After the French Elections:

Is All Europe
Going Neo-Con?

by Helga Zepp-LaRouche

EIRNS/Helene Müller

Helga Zepp-LaRouche
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After the French Elections:
Is All Europe Going Neo-Con?

by Helga Zepp-LaRouche

Mrs. LaRouche, chairwoman of Germany’s Civil Rights Solidarity Movement (BüSo), issued this statement on May 11. It has been translated from German.

The election of Nicolas Sarkozy as President of France has drastically worsened the world political situation. Europe threatens to go completely in the direction of the neo-cons, who are headed for World War III, and at the same time to become ungovernable due to the financial crisis.

Joan of Arc would turn over in her grave. For while she heroically liberated France from the British occupation, and thus created the conditions for the development of France as the first sovereign nation-state, the French population voted May 6 for British control of the Elysée. And thus, happy about the new situation in Europe, the Financial Times wrote at the beginning of the week: “How often has there been a combination of heads of governments, which had such British instincts?” Tony Blair, the primary architect of the war in Iraq built on lies, immediately expressed his joy about the change in France, and German Federal Chancellor Angela Merkel now expects an improvement in German-French relations—effectively under British design.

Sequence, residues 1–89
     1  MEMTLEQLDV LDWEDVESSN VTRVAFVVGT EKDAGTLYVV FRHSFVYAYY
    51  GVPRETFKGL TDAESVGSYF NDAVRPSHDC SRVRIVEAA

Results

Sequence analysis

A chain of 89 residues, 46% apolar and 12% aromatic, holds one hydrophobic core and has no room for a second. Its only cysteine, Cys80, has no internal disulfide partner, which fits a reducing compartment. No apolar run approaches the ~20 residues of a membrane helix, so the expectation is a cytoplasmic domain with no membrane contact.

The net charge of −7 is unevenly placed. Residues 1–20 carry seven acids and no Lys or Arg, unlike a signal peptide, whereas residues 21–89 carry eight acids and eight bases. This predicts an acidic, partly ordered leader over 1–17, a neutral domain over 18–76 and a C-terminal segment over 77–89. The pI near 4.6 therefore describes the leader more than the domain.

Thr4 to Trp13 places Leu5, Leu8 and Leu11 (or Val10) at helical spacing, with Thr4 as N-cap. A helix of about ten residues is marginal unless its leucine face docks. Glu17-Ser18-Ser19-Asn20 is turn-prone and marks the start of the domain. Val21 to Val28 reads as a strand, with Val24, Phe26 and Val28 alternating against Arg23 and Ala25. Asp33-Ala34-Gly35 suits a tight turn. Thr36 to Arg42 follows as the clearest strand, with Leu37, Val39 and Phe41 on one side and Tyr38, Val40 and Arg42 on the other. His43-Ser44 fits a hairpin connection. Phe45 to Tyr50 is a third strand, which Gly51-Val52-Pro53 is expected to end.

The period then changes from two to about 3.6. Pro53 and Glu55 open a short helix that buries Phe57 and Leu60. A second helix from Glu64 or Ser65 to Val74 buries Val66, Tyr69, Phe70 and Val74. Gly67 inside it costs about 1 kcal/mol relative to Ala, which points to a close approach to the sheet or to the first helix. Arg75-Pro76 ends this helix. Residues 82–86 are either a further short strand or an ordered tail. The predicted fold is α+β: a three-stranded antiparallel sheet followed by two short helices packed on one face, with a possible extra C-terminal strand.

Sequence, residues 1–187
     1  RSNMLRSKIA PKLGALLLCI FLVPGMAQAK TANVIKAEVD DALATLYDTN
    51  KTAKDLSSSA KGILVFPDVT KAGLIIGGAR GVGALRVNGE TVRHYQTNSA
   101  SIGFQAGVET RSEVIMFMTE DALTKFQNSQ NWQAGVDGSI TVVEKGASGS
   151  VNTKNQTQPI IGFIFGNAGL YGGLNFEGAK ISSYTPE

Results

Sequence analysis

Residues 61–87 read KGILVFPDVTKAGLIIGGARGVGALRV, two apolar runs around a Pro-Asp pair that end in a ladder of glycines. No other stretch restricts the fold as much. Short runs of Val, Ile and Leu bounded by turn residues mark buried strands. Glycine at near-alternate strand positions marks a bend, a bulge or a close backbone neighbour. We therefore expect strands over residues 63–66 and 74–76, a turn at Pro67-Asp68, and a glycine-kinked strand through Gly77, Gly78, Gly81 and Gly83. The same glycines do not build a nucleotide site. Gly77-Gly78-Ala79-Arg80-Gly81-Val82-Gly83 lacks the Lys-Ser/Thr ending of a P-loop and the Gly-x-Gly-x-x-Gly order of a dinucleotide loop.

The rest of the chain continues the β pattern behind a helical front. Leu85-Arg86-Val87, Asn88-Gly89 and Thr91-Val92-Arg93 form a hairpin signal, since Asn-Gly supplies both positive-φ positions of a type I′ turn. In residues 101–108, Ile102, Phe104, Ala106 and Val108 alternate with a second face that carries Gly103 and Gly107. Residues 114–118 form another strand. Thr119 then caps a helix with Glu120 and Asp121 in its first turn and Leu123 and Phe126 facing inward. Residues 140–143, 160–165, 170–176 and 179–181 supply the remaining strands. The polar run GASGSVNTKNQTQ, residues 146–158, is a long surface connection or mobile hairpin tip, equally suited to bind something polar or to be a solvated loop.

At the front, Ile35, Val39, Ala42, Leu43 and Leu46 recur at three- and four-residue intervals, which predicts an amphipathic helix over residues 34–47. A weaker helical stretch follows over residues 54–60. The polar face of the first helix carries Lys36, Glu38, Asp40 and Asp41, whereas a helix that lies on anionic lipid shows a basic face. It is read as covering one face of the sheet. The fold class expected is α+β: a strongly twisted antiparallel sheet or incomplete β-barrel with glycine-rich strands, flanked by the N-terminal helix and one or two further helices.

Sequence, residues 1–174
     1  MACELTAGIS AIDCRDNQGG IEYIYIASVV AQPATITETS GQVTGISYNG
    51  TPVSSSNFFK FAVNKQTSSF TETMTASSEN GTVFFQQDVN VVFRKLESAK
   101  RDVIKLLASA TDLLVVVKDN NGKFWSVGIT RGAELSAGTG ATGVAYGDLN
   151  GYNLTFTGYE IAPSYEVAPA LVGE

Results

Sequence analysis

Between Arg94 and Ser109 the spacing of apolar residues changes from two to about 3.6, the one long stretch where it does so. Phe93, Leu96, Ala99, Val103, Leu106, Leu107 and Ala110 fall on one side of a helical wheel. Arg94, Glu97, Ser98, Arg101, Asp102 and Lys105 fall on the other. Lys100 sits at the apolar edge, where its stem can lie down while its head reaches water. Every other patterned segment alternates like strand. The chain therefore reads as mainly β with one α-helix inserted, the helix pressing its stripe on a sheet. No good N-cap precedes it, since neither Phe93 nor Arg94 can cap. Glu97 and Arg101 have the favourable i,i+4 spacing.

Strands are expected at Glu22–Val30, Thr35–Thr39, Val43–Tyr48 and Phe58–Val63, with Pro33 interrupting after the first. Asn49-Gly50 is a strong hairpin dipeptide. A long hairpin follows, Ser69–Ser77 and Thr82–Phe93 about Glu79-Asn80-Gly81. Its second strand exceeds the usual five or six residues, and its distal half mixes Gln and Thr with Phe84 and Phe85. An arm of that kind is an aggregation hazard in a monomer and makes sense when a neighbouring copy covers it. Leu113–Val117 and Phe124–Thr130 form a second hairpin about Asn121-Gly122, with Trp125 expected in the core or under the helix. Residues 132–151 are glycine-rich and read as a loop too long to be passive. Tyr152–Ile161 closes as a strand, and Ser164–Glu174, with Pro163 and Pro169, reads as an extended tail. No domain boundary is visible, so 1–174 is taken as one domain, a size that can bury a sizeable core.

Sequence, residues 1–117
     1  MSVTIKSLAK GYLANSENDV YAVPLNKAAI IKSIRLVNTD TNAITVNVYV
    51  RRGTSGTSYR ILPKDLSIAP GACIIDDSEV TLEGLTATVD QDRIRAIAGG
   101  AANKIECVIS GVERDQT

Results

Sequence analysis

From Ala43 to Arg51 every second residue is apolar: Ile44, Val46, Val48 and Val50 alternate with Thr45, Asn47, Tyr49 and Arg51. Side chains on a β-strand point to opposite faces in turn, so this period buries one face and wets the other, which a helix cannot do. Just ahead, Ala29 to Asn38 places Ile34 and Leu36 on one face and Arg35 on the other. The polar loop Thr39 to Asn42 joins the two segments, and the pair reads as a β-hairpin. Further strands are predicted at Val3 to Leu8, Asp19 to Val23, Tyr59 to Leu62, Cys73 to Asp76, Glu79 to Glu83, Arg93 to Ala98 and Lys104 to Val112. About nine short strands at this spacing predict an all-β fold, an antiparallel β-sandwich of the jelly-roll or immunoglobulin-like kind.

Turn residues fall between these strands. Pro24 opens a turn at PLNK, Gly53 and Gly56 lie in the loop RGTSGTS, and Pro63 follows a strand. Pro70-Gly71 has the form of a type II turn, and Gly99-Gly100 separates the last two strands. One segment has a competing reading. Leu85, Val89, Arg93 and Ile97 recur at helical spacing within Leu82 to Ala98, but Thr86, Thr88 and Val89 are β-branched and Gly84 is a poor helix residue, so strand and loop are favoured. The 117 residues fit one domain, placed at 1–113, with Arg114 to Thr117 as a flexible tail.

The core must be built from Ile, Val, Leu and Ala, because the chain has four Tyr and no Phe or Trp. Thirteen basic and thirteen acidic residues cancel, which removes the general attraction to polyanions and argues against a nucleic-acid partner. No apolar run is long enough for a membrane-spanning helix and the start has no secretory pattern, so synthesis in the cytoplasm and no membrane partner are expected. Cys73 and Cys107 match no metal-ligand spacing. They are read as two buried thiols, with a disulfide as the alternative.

For his part, Sarkozy announced as his first objective the improvement of France’s relations with the Bush Administration; Is all of Europe turning towards the camp of the neo-cons? and his massive rejection of President Vladimir Putin and Russia is well known. Overall, therefore, the situation in Europe has deteriorated. For in the face of the increasing tensions, which have evoked a state of ungovernability in more and more European states, it is now even less likely, that Europe will step forward with political initiatives, which could effectively counter the existential dangers, with which the world is confronted.